The conversation around some of our most fearsome diseases is changing, taking on new notes of optimism and hope. It is possible for diseases that were considered deadly to be diagnosed and treated in time with greater precision, thanks to the numerous tech-driven gains and innovations. Innovations, even though some are in their early stages, have helped realize the future of personalized medicine.
Data collection, in particular, is changing. New, personalized healthtech can enable telemedicine, collecting and leveraging patient monitoring data in real time.
As healthcare gets rapidly smarter, trial-and-error medicine is increasingly becoming a thing of the past. Personalized medicine guarantees you a refined diagnosis to identify your ailment. Your risk of a misdiagnosis is substantially reduced. Doctors take into account you – everyone – has unique physiology and the metabolize drugs differently. You are given the best treatment and the right dosage based on your physiology.
Researchers can now link diseases to specific genes. It’s possible by sequencing the human genome. Consequently, molecular pathways are easily mapped. When a gene changes or mutates, then manifests as a disease in the body, it’s easier to identify.
Previously, any kind of manifestation was considered a single disease. With personalized medicine systems in place, diagnostic tools have been developed to separately identify a subtype of the disease and the chemical agents that cause illness. Diseases such as cancer can now be better-managed in their early stages.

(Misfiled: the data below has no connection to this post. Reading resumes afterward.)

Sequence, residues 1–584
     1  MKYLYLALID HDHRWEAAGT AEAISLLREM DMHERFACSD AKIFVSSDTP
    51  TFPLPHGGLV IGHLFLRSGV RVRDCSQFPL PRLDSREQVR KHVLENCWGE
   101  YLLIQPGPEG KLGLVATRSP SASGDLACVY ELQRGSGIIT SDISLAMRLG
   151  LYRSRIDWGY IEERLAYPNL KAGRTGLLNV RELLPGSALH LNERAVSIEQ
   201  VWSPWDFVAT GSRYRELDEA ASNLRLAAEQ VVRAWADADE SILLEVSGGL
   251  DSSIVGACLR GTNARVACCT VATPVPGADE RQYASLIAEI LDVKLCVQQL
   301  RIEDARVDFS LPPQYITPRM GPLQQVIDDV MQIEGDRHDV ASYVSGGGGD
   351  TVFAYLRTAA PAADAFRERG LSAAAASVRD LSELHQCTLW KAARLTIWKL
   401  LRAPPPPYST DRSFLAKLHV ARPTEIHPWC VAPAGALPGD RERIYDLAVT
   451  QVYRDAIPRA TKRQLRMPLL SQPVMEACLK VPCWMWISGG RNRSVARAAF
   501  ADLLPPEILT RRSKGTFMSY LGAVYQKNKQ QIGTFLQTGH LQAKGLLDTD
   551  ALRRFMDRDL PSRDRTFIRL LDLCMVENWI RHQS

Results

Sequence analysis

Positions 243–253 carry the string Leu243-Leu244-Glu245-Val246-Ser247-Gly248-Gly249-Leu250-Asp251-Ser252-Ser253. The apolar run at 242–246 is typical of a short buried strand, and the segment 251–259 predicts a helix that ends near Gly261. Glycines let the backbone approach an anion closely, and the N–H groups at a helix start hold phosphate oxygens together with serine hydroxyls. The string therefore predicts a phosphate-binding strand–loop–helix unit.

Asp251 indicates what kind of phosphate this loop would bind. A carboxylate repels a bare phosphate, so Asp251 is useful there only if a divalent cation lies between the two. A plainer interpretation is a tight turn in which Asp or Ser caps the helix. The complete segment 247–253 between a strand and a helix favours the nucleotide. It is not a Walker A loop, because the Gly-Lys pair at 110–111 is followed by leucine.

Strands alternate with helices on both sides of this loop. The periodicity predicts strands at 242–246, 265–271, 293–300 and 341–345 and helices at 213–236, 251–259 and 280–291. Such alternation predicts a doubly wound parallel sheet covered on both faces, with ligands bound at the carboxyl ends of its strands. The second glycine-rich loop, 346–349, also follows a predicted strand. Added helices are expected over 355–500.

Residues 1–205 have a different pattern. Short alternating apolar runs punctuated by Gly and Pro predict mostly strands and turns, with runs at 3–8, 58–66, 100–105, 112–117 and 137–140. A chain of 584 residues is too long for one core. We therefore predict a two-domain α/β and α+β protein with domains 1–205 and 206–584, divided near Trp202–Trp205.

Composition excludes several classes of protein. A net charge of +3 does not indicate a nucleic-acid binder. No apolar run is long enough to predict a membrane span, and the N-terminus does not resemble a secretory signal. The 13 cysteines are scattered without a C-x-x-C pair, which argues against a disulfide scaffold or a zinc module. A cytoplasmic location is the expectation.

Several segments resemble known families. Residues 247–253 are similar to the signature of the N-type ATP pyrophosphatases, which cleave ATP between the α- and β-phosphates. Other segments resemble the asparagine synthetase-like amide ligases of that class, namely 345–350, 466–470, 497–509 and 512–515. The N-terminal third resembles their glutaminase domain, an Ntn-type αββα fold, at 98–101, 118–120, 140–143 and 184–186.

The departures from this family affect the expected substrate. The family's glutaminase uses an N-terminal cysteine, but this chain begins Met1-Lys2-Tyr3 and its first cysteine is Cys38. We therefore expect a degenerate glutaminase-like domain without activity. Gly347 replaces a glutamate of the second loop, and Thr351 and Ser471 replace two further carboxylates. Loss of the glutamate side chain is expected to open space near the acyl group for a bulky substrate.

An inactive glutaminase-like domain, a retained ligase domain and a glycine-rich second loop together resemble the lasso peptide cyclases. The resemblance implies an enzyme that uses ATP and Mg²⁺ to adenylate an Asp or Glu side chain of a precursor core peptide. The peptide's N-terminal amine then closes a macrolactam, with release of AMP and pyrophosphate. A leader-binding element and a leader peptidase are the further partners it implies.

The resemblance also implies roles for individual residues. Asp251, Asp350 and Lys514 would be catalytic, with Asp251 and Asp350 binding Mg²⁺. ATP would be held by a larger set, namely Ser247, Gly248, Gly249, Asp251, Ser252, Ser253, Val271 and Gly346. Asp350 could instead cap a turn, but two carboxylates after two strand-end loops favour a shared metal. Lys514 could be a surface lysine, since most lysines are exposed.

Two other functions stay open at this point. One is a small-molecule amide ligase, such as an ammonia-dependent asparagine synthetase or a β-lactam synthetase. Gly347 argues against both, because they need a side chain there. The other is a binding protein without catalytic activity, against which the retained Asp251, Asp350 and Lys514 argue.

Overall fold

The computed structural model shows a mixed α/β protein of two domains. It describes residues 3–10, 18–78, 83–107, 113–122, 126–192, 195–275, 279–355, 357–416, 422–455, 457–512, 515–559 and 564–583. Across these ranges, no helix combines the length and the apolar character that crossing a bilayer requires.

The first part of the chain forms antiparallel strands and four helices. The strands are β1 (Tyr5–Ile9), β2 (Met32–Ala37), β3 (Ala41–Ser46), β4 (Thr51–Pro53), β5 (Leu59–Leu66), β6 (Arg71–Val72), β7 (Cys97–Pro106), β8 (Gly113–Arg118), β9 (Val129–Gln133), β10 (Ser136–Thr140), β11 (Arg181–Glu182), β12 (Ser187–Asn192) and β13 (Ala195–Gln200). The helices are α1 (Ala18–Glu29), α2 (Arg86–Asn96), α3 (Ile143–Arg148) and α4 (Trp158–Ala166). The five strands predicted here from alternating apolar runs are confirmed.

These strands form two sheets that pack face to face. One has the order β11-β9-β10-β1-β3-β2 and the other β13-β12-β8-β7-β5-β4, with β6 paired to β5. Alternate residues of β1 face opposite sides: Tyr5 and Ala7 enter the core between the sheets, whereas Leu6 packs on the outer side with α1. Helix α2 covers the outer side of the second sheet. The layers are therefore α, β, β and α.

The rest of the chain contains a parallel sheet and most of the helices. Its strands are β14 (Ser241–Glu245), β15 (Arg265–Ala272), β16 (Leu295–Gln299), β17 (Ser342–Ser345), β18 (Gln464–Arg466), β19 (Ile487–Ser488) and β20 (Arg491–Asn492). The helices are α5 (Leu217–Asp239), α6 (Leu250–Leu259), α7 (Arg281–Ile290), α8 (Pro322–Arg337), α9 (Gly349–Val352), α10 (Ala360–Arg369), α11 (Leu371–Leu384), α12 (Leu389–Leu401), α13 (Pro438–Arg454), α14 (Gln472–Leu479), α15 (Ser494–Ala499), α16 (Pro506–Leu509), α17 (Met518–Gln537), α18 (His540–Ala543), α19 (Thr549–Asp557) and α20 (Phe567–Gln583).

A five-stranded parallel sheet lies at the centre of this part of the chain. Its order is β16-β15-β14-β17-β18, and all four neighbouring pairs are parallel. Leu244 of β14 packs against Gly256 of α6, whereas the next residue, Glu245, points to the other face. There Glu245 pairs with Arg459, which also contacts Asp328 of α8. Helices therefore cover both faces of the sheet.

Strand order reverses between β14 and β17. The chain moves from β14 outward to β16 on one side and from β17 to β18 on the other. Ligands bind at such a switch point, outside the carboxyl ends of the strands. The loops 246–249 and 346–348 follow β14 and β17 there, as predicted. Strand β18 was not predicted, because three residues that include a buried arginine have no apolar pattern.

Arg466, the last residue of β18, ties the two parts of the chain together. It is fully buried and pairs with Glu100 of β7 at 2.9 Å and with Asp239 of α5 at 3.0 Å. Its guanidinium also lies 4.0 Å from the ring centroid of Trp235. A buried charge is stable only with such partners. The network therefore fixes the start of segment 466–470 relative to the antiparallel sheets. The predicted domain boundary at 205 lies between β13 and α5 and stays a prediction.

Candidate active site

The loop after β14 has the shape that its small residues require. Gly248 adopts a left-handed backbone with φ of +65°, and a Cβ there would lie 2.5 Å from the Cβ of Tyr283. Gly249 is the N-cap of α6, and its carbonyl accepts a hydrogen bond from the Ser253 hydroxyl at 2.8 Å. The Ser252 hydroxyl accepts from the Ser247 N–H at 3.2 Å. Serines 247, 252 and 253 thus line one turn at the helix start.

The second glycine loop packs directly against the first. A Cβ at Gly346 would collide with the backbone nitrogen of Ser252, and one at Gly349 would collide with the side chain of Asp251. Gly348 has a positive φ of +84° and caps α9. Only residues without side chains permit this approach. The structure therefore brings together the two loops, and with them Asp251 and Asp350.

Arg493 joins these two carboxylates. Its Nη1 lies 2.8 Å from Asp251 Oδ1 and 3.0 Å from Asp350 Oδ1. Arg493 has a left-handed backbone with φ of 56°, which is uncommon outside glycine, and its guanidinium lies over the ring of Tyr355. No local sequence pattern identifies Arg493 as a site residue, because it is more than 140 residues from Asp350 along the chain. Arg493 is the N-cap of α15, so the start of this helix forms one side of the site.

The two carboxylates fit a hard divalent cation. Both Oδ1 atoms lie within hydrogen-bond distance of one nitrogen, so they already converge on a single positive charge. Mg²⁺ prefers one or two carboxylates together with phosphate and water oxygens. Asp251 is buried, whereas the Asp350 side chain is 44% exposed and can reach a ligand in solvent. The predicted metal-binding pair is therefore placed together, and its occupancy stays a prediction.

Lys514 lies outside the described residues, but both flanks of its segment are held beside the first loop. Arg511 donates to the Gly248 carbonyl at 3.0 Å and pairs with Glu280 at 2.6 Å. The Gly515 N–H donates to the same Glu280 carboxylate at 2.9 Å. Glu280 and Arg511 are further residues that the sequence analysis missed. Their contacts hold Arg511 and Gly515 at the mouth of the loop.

Technical medical advances are of importance to both patients and doctors. One such advancement is remote microsampling that greatly improves the research participant's or patient’s experience. It entails self-collecting a small sample of biofluid. Once the sample is collected, it can be analyzed to help scientists understand the underlying mechanisms of different health conditions or complications.
Innovation in healthcare is driving new strides in personalized medicine. Forward-thinking, future-creating healthcare organizations are using convenient, decentralized studies to make personalized medicine a reality.
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